This tracking and constant offset between the local timestamp counter in CMTS 32 and the master timestamp counter will be referred to in the claims as either synchronization or “tracking the changes” of the master timestamp counter. This tracking of changes and correction using timestamp samples in downstream sync messages is done in DOCSIS 1.x and DOCSIS 2.0 advanced TDMA burst capture mode only. In DOCSIS 2.0 burst capture mode, the 10.24 MHz clock in the linecard is not free running as it is in DOCSIS 1.x or 2.0 advanced TDMA burst capture mode. Instead, it is locked to the 10.24 MHz master clock in the CMTS by virtue of it being generated from the 20.48 MHz reference clock on line 46 which is locked into phase coherency with the downstream symbol clock recovered by CM 40. The downstream symbol clock is itself locked into phase coherency with the 10.24 MHz master clock in the CMTS under test, so there should never be any drift between the local timestamp counter in the sniffer and the upstream timestamp counter in the CMTS under test.
Since the recovered symbol clock in SCDMA mode is more accurate, the sniffer CM should be set in the SCDMA mode when the CMTS under test is in SCDMA or mixed mode with a first SCMDA logical channel which is time division multiplexed with one or more other logical channels carrying other types of bursts such as TDMA or SCDMA at a different symbol rate than the symbol rate of the SCDMA burst in the first logical channel.
To receive 2.0 SCMDA bursts, the CMTS 10 and the CMTS 32 each use their own upstream phase locked symbol clocks to receive the bursts because the upstream symbol clock in the CM that sends each SCDMA burst is locked to or phase coherent with the downstream symbol clock generated by the CMTS as is the upstream symbol clock in the CMTS 10. The CMTS upstream symbol clock is generated from its master clock in both CMTS 32 and CMTS 10.
In 1.x and 2.0 ATDMA mode, each CM under test and the CMTS 32 in the sniffer has a free running clock which is counted by its timestamp counter. The process to keep the local timestamp counter synchronized with the master timeststamp counter in 1.x and 2.0 ATDMA burst mode capture in the CMTS 32 and the CM 40 in the sniffer and in every other CM in the system is illustrated in the flowchart of
The first step in getting each cable modem's local upstream timestamp counter in synchronization with the master upstream timestamp counter in the CMTS 10 is symbolized by block 68 in
In step 70, the local free running 10.24 MHz clock is counted by the local timestamp counter in the CM. Since the master upstream timestamp counter in the CMTS is also counting a master 10.24 MHz clock, the counts at the CMTS and the CMs should remain relatively close except there will be a fixed offset caused by propagation delay and some drift caused by frequency drift of the clocks. In step 72, another timestamp sample of the count in the upstream master timestamp counter at the CMTS is received in a sync message. The newly received timestamp sample is compared in step 74 to the local timestamp counter in the CM in step 74. Step 76 represents the branch condition on the comparison. If there is a difference, step 78 is performed to reduce or eliminate the difference. IN the case of a CMTS, the error can be eliminated by setting the timestamp received from the CMTS under test into the local timestamp counter in the timebase of the sniffer. If there is no difference, processing returns to step 70. In some embodiments of this process, instead of using the difference to correct the actual count, the difference is used to generate an error signal to change the frequency of the clock that drives the local timestamp counter.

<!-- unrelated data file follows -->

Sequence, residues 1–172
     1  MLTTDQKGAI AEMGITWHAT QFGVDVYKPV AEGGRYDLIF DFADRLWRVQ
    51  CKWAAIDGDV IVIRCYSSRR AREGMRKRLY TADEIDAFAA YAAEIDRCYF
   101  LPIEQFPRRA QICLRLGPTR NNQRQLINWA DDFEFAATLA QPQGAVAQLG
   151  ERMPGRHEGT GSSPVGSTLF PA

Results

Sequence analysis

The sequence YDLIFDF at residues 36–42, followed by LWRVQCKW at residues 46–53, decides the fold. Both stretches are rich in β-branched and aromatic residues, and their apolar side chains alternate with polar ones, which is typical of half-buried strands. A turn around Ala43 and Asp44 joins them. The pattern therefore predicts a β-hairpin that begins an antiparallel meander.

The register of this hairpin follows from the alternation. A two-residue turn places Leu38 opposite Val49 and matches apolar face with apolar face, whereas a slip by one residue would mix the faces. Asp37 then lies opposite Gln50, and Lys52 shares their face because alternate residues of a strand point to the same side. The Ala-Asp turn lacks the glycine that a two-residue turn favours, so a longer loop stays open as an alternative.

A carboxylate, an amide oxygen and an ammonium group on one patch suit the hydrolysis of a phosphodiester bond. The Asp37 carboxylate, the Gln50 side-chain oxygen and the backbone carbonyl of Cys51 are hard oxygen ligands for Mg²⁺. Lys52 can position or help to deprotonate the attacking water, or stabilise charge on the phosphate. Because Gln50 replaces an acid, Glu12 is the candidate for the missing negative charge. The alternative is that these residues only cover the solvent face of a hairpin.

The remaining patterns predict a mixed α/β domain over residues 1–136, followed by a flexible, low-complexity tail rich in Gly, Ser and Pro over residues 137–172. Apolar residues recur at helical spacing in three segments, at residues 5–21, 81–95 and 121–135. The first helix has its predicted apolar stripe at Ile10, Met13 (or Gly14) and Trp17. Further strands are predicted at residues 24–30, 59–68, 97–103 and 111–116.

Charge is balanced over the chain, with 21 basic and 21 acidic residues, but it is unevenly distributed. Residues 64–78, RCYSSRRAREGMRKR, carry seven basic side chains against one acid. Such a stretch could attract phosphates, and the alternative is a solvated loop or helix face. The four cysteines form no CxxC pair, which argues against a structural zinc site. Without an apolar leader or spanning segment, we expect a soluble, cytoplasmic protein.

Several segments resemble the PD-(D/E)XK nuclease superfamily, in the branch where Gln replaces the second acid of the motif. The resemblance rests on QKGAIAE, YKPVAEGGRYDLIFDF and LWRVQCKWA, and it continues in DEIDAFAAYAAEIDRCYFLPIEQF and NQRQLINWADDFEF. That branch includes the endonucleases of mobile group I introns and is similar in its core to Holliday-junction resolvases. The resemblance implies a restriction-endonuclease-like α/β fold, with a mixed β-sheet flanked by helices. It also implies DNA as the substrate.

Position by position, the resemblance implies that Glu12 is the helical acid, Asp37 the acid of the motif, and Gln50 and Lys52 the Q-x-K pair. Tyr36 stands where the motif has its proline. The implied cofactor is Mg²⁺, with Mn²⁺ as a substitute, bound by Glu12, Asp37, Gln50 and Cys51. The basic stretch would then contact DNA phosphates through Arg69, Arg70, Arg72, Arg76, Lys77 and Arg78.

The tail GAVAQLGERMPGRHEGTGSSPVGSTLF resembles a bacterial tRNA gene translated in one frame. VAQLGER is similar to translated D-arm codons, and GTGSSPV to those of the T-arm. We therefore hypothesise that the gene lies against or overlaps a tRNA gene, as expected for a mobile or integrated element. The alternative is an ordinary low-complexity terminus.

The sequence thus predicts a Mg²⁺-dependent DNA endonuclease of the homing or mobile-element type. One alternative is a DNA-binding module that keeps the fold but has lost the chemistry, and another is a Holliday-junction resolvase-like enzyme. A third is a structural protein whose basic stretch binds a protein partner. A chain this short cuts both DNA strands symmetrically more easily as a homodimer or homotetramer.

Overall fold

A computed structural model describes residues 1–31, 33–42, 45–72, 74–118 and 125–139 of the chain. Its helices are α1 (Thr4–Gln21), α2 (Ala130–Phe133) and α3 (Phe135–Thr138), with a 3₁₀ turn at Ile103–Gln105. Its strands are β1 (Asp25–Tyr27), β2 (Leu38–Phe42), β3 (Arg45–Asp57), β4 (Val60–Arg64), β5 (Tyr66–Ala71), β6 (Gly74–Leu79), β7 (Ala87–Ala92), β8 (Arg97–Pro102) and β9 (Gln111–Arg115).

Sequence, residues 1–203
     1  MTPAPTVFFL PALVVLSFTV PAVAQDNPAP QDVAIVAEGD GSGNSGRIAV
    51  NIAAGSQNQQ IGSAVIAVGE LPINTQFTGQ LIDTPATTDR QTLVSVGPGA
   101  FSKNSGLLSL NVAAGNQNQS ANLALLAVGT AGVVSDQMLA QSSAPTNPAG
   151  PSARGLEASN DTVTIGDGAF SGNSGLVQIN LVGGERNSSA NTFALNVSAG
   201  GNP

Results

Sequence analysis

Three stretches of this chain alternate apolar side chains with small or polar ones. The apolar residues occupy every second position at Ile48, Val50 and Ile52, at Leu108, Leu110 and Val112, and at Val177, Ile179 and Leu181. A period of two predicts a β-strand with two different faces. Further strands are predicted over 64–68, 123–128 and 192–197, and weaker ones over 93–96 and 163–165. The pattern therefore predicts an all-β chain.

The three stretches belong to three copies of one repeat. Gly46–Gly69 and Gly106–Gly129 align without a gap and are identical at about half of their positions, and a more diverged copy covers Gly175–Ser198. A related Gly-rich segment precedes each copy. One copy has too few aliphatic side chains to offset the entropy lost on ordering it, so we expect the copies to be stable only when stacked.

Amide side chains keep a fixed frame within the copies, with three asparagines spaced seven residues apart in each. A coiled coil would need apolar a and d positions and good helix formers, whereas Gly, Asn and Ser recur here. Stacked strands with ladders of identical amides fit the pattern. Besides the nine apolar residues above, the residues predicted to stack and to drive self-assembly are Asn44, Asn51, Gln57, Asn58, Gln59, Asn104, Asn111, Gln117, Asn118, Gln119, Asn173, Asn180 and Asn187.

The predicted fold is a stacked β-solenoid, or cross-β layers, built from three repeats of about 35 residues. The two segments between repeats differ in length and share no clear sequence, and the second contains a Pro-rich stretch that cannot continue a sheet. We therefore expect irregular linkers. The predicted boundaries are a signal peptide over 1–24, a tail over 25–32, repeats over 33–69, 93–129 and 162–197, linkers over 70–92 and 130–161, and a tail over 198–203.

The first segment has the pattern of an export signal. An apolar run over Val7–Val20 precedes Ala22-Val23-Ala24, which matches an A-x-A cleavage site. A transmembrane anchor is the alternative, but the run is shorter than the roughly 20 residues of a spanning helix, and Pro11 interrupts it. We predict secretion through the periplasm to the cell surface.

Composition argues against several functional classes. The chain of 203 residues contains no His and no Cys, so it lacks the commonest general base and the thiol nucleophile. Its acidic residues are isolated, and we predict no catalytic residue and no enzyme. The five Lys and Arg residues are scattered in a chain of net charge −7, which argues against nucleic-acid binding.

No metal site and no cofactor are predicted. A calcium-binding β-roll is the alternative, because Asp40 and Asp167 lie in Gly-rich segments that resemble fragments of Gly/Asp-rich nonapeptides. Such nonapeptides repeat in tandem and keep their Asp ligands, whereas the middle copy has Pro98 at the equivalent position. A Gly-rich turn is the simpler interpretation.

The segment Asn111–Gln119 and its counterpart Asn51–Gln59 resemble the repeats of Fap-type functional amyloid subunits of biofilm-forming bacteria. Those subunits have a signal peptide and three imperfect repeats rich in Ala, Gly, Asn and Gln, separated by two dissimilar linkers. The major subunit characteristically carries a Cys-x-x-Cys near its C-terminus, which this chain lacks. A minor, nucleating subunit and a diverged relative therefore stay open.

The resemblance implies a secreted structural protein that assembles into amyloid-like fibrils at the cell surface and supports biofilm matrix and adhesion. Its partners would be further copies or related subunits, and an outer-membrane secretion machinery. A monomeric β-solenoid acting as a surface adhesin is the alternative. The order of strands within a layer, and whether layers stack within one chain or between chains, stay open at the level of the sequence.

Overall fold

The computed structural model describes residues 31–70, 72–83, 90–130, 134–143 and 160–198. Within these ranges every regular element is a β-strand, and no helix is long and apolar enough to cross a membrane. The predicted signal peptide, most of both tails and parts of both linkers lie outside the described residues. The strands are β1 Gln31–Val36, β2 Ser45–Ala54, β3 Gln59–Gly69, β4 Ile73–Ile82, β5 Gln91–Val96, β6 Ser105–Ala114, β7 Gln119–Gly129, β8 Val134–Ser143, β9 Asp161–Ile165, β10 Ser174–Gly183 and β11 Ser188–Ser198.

The master clock in the CMTS 32 is generated from, or, in some embodiments is, a 20.48 MHz clock on line 46 generated by a clock generator 48. Any clock generator structure which can generate a 20.48 MHz reference clock on line 46 which is phase coherent with the recovered downstream symbol clock in DOCSIS 2.0 SCDMA burst capture mode will suffice to practice the invention. In the preferred embodiment, the reference clock on line 44 is supplied as one input to a multiplexer 50, and a 10.24 MHz reference clock from a CMTS under test is suppled to the other input of multiplexer 50. PC 37 is programmed to allow a user to select the desired reference clock input as between the signals on lines 52 and 44, and generates a clock select signal on line 54 either directly or indirectly through a command sent to CPU 34 over the data path 38. The clock signal on line 52 is the 10.24 MHz master clock of the CMTS 10 under test. The clock signal on line 64 is the 20.48 MHz clock available from CMTS receivers manufactured by Terayon Communication Systems, Inc. of Santa Clara, Calif. The clock signal selected by multiplexer 62 is controlled by a signal on line 35 from computer 34, and is output on line 56 to serve as a reference clock input to a PLL 58. The PLL 58 is controlled by the PC 37 though commands sent on data path 38 to CPU 34 to multiply the reference clock signal by a factor of 2 or a factor of 4, and output a 20.48 MHz reference clock signal on line 60. The PLL 58 also acts as a sort of filter on the reference clock signal from the CM 40 to clean up its waveform. The PLL 58 should have a bandwidth which is narrow enough to make sure the phase noise is small. In TDMA mode, the clock signal output by the CM 40 can be jittery because it is controlled by the received timestamps. In SCDMA mode, the upstream reference clock on line 44 is much cleaner because the CM 40 uses an internal PLL to generate it from the recovered downstream symbol clock.